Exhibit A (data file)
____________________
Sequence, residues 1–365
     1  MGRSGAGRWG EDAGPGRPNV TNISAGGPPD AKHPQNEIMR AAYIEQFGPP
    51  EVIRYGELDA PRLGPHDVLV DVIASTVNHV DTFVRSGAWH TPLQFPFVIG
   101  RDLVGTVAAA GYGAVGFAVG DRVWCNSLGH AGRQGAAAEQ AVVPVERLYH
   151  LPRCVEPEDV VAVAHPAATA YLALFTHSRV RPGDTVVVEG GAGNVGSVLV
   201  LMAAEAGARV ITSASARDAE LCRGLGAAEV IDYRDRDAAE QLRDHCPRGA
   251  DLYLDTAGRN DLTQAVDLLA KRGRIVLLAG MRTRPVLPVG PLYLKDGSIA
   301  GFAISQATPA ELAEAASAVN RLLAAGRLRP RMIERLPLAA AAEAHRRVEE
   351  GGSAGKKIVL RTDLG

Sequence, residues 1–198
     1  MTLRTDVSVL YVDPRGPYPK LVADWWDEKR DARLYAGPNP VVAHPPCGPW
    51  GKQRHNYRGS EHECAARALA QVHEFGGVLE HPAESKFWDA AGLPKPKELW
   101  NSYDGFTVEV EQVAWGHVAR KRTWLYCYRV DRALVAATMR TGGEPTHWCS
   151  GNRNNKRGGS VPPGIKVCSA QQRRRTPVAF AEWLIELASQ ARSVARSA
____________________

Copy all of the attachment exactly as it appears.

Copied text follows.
Sequence, residues 1–365
     1  MGRSGAGRWG EDAGPGRPNV TNISAGGPPD AKHPQNEIMR AAYIEQFGPP
    51  EVIRYGELDA PRLGPHDVLV DVIASTVNHV DTFVRSGAWH TPLQFPFVIG
   101  RDLVGTVAAA GYGAVGFAVG DRVWCNSLGH AGRQGAAAEQ AVVPVERLYH
   151  LPRCVEPEDV VAVAHPAATA YLALFTHSRV RPGDTVVVEG GAGNVGSVLV
   201  LMAAEAGARV ITSASARDAE LCRGLGAAEV IDYRDRDAAE QLRDHCPRGA
   251  DLYLDTAGRN DLTQAVDLLA KRGRIVLLAG MRTRPVLPVG PLYLKDGSIA
   301  GFAISQATPA ELAEAASAVN RLLAAGRLRP RMIERLPLAA AAEAHRRVEE
   351  GGSAGKKIVL RTDLG

Sequence, residues 1–198
     1  MTLRTDVSVL YVDPRGPYPK LVADWWDEKR DARLYAGPNP VVAHPPCGPW
    51  GKQRHNYRGS EHECAARALA QVHEFGGVLE HPAESKFWDA AGLPKPKELW
   101  NSYDGFTVEV EQVAWGHVAR KRTWLYCYRV DRALVAATMR TGGEPTHWCS
   151  GNRNNKRGGS VPPGIKVCSA QQRRRTPVAF AEWLIELASQ ARSVARSA